WORLD WAR II VETERANS CONCORDIA PARISH LOUISIANA
ARMY AIR FORCE
C.P. (PAT) CHENNAULT
433rd Squadron, 86th Fighter Wing Eighth Air Force, Lt. Col., Pilot P51
Combat Experience 300 Combat Hours over Europe
Awards: Distinguished Flying Cross
Air Medal with Seven Oak Leaf Clusters
European African Middle Eastern Campaign Medal
With 3 Bronze Stars
Credited with Destroying 2 Enemy Aircraft
I was born November 24, 1920 at Gilbert, Louisiana. I was what is referred to as an Army Brat. My father (Later to be known as General Claire Chennault, of the Flying Tigers) was stationed in Hawaii, San Antonio and Shreveport. So, military bases were my home until I was about 16 years old.
December 7, 1941, when World War II began, I was working at Natchez for Armstrong Tire and Rubber Company, I tried to enlist in the Army, but was rejected because one leg was shorter than the other. I went to welding school in Mississippi, hoping to get a welding job in the shipyards. Instead, I joined the Merchant Marines. I took two trips as fireman on a Troop Transport.
I found out about jobs with the Louisiana State Police, and in the summer of 1942, I was working as a radio operator for the State Police in Leesville. Bob Osborne, a State Trooper there, said he was going to Lake Charles to join the Air Force. I said, “ I am going with you.”
We took the written entrance exams and passed. I took the physical exam and I passed, getting a waiver for the problem of the short leg, with the requirement that one shoe be elevated. I came home, which was then Lake St. John and in September 1942 and went back to work for Armstrong Tire Company.
I was called to service in January 1943 and found myself at Santa Anna, California as an Air Force Cadet, attending pre-flight school. For Primary Flying School I went to Thunderbird No. 2, Phoenix, Arizona.
I completed this training in August 1943, flying PT-17s and PT-27s. Basic Flying School was at Pecos, Texas, where I flew BT-1312s, completing that phase of training in October, 1943. Advanced Flying School was at Luke Field, Phoenix, Arizona. Clsass 44-A graduated January 7, 1944 and I received my Pilot’s Wings and my Commission as a 2nd Lieutenant.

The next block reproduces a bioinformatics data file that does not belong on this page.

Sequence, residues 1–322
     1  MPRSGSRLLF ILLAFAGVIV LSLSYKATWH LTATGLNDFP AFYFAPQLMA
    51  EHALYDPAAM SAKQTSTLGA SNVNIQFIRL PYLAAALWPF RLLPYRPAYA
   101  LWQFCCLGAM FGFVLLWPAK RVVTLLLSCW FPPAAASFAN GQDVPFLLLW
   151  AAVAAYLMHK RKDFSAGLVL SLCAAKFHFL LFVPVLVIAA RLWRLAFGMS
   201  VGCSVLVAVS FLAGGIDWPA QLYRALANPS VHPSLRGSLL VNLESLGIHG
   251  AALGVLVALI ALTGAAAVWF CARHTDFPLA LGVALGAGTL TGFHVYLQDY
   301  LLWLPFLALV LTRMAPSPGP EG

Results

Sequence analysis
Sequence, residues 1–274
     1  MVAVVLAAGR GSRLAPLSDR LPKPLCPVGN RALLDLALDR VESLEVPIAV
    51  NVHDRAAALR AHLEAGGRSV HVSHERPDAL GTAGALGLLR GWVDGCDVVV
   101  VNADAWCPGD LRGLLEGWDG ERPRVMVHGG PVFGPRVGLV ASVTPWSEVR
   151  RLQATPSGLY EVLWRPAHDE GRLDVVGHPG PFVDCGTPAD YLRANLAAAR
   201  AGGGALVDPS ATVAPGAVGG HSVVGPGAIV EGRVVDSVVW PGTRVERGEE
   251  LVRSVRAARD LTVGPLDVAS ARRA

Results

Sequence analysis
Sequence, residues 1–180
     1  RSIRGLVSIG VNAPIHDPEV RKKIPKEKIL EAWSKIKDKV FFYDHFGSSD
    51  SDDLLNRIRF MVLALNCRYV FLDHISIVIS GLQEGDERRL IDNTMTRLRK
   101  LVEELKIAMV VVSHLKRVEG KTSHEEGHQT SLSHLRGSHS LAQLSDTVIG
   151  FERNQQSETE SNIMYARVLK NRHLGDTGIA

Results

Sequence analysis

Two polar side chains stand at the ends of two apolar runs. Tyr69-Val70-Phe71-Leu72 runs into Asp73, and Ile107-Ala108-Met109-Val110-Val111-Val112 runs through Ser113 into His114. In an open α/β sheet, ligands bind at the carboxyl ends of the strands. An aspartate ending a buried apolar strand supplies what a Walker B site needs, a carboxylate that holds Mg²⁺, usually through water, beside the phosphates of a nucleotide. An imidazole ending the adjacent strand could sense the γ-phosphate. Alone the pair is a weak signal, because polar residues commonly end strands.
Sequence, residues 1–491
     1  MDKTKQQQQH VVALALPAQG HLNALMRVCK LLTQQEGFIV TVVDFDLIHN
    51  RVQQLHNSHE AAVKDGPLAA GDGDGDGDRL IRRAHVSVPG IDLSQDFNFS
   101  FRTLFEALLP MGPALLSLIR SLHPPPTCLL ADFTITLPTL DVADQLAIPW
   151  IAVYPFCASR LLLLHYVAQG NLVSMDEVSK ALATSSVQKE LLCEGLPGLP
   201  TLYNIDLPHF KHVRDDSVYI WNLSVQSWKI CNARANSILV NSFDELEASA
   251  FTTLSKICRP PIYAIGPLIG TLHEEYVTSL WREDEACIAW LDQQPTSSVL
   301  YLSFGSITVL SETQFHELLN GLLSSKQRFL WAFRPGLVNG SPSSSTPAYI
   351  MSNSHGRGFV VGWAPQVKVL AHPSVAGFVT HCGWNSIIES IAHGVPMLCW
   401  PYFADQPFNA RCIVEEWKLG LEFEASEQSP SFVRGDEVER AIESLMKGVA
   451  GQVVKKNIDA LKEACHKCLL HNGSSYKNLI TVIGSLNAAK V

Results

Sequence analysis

My next assignment was to Dale Mabry, Florida, learning to fly P-40s and P-47s. I graduated from there in June 1944. I had requested service in China, and had orders to go to China. The Commanding Officer called me into his office and said, “Your orders have been changed. You are going to England.”
I was assigned to the 376th Fighter Squadron of the 361st Fighter Group, Second Bomber Command of the 8th Air Force. Most of our missions were to escort the bombers on their missions. On the return to England, if a bomber was flying alone, out of the formation, we would escort the single plane. In one such instance, I was escorting a B-24 bomber. Just as we the reached the Channel, 7 men jumped and parachutes opened. Almost immediately the plane exploded.
I was promoted to First Lieutenant In December 1944 and Christmas Eve 1944 we moved to St. Deviad, France to support the “Battle of the Bulge”. April 1945 we moved to Sharf, Belgium to give closer support to our forces.
I had flown 72 Combat Missions and had more than 300 Combat Hours. I was elgible to come home. I returned to the United States April 16, 1945. I left the Service July 31, 1945, but decided that I had made a mistake and asked to return to the Service. I was accepted and had assignments as a P-51 flight instructor, first at Sarasota, Florida and then at Biggs Field, El Paso, Texas, the 431st Fighter Squadron, 475th Fighter Group. I was in Korea and saw service at Kimpo Korea. That overseas tour was from September 1946 to October 1948.
After Korea, I went to Greenville, South Carolina, the 316th Air Base Group, and was there from January to May, 1949. In June 1949 I went back to Europe for my third overseas tour. The Cold War was still going on. I was assigned to the 85th Fighter Group based at Neubiburg, Germany. In November 1949 I was promoted to Captain.
In September, 1952 I returned to the United States, and went to Alexandria Air Force Base at Alexandria, Louisiana, 366th Fighter Wing of the 9th Air Force, which in May 1955 became the England Air Force Base. There I was a Test Pilot for the 105 Jets, flying more than 1000 hours in that capacity.
November 1956 I was moved to Seymour Johnson Air Force Base, Goldsboro, North Carolina, where in 1957 I was promoted to Major. Next was a move to Eglin Air Force Base, Florida in July of 1958. I was named Command Pilot January 7, 1959. January 1962, a move back to Seymore Johnson Air Force Base, Goldsboro, North Carolina and a promotion to Lieutenant Colonel. McConnell Air Force Base in Kansas was my station from April 1964 until my retirement in 1966.
Interesting duty in peace time was providing armed escort (Armed Fighters) for special persons or occasions. On one such occasion I was escorting President Kennedy to and from the Carribean during the Cuban crisis, another was to escort Venzuelan President Bettingcourt From the Mexican Coast to Haiti, and from there to the South American Coast.
A third event was the escort for President Kennedy’s funeral. Following my retirement in 1966, I moved to Ferriday and it has been my home ever since.
My Primary Flying School Group.
Of those standing, our Instructor was on the left and I was in the center.